An Interpretation of the Economic Impact of the Wilmington Riot of 1897

Over the years, scores of authors have written about the 1898 Wilmington Race Riot. Yet, the State of North Carolina has never formally investigated the insurrection. On the heels Florida’s investigation into the 1923 Rosewood Massacre, Oklahoma’s inquiry into the 1921 Tulsa Race Riot, and the centennial of the Port City’s tragic event in 1898, the General Assem in 2000 enacted legislation calling for the creation of a commission to examine the riot and to develop a historical record. The law also called on the commission to delve into the “economic impact of the riot on African-Americans in this State.”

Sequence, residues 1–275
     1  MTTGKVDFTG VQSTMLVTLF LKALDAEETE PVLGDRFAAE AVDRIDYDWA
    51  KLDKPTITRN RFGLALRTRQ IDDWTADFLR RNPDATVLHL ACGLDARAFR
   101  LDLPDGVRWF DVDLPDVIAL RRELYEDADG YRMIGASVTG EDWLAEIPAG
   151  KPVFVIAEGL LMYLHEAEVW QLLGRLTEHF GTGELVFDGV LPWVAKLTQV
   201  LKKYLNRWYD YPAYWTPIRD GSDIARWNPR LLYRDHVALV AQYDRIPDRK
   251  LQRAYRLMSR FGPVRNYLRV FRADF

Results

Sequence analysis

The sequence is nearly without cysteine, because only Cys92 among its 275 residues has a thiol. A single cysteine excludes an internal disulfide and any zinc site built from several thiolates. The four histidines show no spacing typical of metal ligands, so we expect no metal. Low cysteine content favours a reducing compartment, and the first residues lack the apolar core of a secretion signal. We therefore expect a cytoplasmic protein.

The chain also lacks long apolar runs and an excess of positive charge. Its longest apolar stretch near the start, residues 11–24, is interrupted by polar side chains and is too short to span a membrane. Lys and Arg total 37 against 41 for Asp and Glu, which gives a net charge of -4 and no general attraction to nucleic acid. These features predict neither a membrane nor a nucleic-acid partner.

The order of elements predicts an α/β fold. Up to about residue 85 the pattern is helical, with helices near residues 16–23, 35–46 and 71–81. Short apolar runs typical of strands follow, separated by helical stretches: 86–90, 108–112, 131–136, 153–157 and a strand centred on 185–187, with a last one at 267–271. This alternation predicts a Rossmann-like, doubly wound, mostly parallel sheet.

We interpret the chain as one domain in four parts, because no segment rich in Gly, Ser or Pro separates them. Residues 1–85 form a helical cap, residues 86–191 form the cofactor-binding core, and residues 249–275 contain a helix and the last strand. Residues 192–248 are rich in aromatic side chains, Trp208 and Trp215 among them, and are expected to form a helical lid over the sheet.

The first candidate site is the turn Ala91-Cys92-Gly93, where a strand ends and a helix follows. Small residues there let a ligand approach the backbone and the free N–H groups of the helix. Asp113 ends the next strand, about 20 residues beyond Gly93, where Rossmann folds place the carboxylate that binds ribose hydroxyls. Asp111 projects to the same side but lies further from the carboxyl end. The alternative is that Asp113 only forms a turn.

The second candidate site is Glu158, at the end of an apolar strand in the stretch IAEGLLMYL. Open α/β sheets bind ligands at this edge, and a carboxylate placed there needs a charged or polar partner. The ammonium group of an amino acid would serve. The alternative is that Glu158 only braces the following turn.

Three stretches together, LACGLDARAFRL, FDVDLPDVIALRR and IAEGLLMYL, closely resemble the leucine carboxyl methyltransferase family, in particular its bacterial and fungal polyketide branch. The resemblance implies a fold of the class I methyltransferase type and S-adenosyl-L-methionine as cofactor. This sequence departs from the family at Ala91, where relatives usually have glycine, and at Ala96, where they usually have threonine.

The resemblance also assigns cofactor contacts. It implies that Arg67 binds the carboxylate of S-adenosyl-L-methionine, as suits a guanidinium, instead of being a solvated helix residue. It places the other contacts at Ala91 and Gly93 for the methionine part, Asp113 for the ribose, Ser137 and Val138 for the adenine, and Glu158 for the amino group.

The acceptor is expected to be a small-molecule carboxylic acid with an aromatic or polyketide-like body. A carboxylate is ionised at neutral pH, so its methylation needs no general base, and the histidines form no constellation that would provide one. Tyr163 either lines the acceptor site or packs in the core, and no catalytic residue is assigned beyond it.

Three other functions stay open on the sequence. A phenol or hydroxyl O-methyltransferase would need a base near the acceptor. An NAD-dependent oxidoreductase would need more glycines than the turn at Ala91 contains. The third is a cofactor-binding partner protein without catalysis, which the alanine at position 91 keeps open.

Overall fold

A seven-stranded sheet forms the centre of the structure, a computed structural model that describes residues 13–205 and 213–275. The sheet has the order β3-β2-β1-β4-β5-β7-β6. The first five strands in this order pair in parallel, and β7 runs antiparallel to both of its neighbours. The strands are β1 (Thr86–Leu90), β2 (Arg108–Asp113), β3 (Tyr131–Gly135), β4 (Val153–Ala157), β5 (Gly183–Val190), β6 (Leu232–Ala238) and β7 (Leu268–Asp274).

The 1898 Wilmington Race Riot Commission bill was sponsored by two Wilmington legislators, Senator Luther H. Jordan, who died in April 2002, and Representative Thomas E. Wright. The men developed the Commission to build upon earlier work done to commemorate the centennial anniversary in 1998, when local residents of both races participated in a variety of programs that brought renewed interest to the subject. The Commission is composed of thirteen members, appointed by the legislature, the governor, mayor and city council of Wilmington, and New Hanover County Board of Commissioners. Assisting the Commission with its work have been staff members of the Department of Cultural Resources, who have provided research and administrative assistance. This report is the culmination of three years of work by Commission members and staff of the Department of Cultural Resource.

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